THEY say the 100m sprint is the glamour event of the Olympics because at some point in their life everyone on earth tries to run as fast as they can.

It might not be as blanket a rule - or as socially acceptable - but at one stage most men would have punched, or thought about punching, someone as hard as they could.

Along that line of thinking Mark Hunt is the Usain Bolt of mixed martial arts.

You may have heard someone talk about the devastating striking ability of the New Zealand-born, Australian-based heavyweight as the days tick down to his fight against Brock Lesnar at UFC 200.


If you haven't, here's a sample. Former UFC heavyweight Brendan Schaub described Hunt as "the hardest hitter in the world". "If you made a list, he's number one," said Schaub, on Joe Rogan's podcast.

In the same conversation Rogan, the UFC commentator, nicknamed Hunt "Captain Concussion". "He hits like a f***ing asteroidal impact," Rogan said.

In the most primal of sports, Hunt is the most primal of competitors. He's built a legacy on turning off people's lights, from Roy Nelson - a walk-off right hand uppercut that is arguably the most impressive of Hunt's career - to "Bigfoot" Silva - the KO Hunt rates as his most satisfying - and most recently Frank Mir.

"This is the hurt business," Hunt says. "It's raw and it's real. There's no hiding. We don't pull no punches. We're here to f*** s*** up ... I'm going to f*** you up, before you f*** me up."

But how does this father-of-three who still dies his hair blonde to match the likeness of a character in a Japanese cartoon continue to do things in his sport no one else can at age 42? sat down with him at the Monte Carlo Hotel in Las Vegas to find out.


Hunt remembers the first time he ever put his hands on another man.

He was around 14 or 15 years old, living in New Zealand, and was standing with a friend when a streetfight erupted. "I stepped in for him and knocked the guy out," Hunt said.
In that moment, Hunt felt a sense of power surge through his body. "I hit him and he went to sleep and I was like, 'Wow'."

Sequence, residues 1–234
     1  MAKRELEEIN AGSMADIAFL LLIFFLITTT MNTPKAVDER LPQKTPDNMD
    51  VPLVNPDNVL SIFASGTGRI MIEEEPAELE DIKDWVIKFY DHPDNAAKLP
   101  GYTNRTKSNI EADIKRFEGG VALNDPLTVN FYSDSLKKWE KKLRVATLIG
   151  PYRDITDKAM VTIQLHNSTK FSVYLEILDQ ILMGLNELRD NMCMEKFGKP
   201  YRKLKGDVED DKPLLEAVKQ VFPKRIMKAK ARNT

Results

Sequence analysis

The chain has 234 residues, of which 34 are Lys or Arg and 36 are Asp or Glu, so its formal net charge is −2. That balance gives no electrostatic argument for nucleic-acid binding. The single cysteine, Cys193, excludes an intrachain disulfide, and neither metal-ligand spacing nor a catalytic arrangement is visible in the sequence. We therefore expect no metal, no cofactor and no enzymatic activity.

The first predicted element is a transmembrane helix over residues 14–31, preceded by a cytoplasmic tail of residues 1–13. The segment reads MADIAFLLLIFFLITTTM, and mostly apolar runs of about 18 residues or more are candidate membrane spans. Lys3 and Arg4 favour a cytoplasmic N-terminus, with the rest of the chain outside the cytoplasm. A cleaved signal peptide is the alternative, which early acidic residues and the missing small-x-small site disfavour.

These days that thrill has worn off. "It just feels normal," Hunt said. "You know when it happens. You know when you hurt someone, (when) they're in trouble."

He shies away from watching highlight videos of his most savage shots, preferring to breakdown the wars like his five-round epic against Silva and the beatdown he suffered at the hands of current champion Stipe Miocic.

"You don't learn anything from quick knockouts," Hunt said. "I learn more about myself from hard fights. The Stipe fight, the Bigfoot fight, I learnt so much from those fights. Knocking someone out cold means you just caught them, that's all."


Hunt likes to refer to his fights as "playing punch face" and declares there is no secret to the way he'll approach Lesnar.

"Brock Lesnar (is a) former UFC champion (and been in) four world title fights. It does not matter for me," he told UFC Embedded. "I'm just going to punch him in the face until he doesn't get up. Punch him in the face, punch him in the face, punch him in the face and then punch him in the face a few more times. It's the simplest game plan ever."


But while the game plan is simple, the technique is far more complex. Take the changes Hunt was forced to make when he made the transition from kickboxing - where fighters wear padded boxing-style gloves - to MMA, where the gloves are far smaller.